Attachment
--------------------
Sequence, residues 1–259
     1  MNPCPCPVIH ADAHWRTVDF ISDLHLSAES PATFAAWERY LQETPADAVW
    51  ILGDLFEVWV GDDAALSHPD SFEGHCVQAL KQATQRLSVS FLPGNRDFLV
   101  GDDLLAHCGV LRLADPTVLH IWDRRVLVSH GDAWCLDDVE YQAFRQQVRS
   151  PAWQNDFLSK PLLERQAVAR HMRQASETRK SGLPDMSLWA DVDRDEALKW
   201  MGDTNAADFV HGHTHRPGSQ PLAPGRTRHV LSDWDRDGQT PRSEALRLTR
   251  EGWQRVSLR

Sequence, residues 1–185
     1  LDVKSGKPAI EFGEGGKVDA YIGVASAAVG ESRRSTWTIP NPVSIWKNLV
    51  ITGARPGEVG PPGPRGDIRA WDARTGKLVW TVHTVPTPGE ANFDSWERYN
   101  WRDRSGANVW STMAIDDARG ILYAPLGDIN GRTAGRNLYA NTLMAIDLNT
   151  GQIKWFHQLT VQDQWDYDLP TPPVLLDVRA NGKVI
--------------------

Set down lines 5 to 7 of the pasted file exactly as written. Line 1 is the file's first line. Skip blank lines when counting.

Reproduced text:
   151  PAWQNDFLSK PLLERQAVAR HMRQASETRK SGLPDMSLWA DVDRDEALKW
   201  MGDTNAADFV HGHTHRPGSQ PLAPGRTRHV LSDWDRDGQT PRSEALRLTR
   251  EGWQRVSLR